Carl S. Kirby, PhD began his presentation by defining the terms “slick water” and “frack-water”, since the chemistry of each is so different. Slick water consists of water, proppant, and slicking agents that are pumped down into the drilled well. Frack water identifies the liquids returning up to the surface after hydrofracturing has been completed. This liquid includes the slick water, as well as a concentration of brine water from within the well. The concentration of brine is largely irregular, and depends upon the geochemistry of the drilled strata, and the amount of time the slick water remained in the well bore, before returning as frack water. The extent of dissolution of salts/brines in the frack water is a major concern, since the current treatments of frack water do not provide an assurance that these chemicals can be removed from the frack water. Therefore, the options for frack water are storage, recycling and reusing, transporting the frack water to be treated at specialized facilities, or reinjection. Much of the frack water goes to Ohio where it is injected into deep wells – a method the industry calls a “closed loop.”

The chemical characteristics of frack water are dominated by high TDS, specifically: Na, Ca, Cl, Ba, Sr, and low concentrations of Mg, SO4. The frack water is radioactive, and has a pH in the 5-8 range, which is rather neutral. A Durov diagram was presented to show the signature of anions and cations. Some frack waters are also 1/3 solids. The volume of flowback frack water is very high at first and then slows down while salinity is thought to increase dramatically with time, although there is currently not enough data to confirm the increasing salinity. The radioactivity was investigated; the gross alpha is typically due to radon gas, which is short-lived. The gross beta on the other hand is of higher concern, as it typically signifies radium, which remains particulate-bound.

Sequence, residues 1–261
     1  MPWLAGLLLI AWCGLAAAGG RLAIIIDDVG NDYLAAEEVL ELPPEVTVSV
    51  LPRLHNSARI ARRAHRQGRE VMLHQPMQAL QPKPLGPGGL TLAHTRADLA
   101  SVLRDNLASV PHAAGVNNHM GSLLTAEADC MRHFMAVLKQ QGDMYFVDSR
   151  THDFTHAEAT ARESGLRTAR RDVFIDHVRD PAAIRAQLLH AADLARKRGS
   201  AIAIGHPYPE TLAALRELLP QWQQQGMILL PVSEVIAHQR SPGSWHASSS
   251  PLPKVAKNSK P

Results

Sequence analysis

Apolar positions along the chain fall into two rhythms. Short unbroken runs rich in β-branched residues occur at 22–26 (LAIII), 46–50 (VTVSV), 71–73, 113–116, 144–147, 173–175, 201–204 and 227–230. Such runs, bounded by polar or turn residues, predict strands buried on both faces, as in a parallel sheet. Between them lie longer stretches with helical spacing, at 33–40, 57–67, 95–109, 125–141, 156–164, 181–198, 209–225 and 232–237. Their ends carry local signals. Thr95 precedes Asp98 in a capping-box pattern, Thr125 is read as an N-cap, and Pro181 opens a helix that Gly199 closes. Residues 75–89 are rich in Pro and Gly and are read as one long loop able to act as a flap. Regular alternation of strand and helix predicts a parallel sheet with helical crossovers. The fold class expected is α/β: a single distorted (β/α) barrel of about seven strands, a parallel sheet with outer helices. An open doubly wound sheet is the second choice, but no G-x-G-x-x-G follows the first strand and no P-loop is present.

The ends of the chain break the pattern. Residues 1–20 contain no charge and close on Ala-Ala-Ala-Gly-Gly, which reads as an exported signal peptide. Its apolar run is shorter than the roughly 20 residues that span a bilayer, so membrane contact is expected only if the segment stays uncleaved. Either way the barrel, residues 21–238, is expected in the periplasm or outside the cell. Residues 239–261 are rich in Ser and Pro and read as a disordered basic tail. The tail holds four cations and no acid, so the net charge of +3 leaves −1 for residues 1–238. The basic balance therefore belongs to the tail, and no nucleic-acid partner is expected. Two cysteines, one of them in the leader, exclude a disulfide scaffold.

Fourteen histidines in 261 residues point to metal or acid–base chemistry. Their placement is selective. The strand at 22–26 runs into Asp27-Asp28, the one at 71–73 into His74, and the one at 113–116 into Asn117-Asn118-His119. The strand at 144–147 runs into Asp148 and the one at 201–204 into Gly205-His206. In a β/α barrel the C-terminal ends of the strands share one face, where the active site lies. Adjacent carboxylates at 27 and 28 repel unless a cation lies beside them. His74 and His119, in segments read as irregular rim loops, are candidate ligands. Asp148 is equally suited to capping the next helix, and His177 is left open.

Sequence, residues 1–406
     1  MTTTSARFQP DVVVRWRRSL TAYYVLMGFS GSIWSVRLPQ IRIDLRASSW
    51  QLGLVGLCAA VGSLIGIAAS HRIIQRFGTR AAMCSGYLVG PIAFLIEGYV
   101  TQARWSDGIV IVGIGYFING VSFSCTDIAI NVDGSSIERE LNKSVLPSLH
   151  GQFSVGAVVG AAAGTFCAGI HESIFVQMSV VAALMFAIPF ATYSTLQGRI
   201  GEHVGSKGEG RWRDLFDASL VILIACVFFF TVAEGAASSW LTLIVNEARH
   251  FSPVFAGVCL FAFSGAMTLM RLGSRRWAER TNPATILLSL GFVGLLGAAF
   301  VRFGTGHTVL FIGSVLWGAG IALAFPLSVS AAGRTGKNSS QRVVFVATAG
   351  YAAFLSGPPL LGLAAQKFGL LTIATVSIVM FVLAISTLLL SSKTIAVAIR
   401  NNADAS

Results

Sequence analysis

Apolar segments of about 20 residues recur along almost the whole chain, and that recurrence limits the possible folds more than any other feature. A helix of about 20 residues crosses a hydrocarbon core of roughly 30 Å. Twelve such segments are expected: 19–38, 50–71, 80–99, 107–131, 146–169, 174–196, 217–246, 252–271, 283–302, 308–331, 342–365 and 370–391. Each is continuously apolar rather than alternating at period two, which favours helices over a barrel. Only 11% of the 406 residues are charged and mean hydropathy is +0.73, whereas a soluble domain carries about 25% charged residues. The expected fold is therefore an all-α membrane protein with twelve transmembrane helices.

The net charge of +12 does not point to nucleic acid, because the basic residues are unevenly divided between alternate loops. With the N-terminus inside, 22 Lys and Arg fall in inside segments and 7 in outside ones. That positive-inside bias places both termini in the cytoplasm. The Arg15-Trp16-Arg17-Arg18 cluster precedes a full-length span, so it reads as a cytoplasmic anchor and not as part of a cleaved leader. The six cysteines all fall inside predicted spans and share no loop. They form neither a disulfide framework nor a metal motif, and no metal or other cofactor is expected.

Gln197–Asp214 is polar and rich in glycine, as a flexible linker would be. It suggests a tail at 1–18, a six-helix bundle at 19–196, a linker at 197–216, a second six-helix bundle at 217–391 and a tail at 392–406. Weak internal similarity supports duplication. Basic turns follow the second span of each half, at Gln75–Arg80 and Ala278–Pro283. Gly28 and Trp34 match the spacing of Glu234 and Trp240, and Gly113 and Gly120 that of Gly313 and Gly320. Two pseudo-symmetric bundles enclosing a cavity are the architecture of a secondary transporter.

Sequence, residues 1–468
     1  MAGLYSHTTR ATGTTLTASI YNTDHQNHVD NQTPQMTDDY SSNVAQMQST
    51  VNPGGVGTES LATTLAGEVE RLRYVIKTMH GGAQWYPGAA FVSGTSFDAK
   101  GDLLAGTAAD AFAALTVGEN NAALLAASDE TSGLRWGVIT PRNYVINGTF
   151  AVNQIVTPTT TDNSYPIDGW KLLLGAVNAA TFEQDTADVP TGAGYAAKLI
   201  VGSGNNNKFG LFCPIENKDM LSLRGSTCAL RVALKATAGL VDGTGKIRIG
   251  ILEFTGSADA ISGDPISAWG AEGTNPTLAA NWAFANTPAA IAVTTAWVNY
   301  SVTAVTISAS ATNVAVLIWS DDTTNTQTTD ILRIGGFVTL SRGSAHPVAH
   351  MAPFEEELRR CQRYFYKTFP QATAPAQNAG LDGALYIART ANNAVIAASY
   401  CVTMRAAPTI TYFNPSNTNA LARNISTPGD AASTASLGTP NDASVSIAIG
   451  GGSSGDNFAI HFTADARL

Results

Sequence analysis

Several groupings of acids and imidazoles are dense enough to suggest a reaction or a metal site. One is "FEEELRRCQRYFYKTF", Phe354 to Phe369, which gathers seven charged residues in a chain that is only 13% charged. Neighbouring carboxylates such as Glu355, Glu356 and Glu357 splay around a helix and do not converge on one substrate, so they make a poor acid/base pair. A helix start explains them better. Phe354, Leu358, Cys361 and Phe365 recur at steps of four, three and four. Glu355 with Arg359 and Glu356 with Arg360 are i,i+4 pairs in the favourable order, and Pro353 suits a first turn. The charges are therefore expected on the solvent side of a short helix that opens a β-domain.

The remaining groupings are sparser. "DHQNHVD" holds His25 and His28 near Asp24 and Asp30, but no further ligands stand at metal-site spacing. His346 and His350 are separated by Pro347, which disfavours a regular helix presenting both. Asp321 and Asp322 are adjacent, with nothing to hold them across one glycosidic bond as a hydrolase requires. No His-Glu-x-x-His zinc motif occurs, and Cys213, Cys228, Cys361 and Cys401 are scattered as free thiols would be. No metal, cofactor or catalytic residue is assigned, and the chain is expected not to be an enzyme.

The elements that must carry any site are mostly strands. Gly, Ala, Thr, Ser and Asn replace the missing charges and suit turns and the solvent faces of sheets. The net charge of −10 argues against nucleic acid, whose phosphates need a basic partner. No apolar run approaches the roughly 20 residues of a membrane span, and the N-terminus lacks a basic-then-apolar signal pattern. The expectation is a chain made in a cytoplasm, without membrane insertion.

Technologies are available to characterize certain aspects of the drilling, fracking, and production phases of natural gas production. Hydro-geological modeling with the geochemical program PhreeqC has been conducted by Dr. Kirby’s work group. Modeling results indicate that the main source of iron (Fe) is pyrite, while the main source of barium (Ba) is from organic acids. Other techniques are also available to help prevent environmental degradation. Using conductivity to investigate leaks in the frack water infrastructure is a possibility, but one would have to be careful when interpreting changes in surface water quality. In particular, conductance is non-specific, and there is also the potential for lack of mixing in surface water such that the monitors miss the event.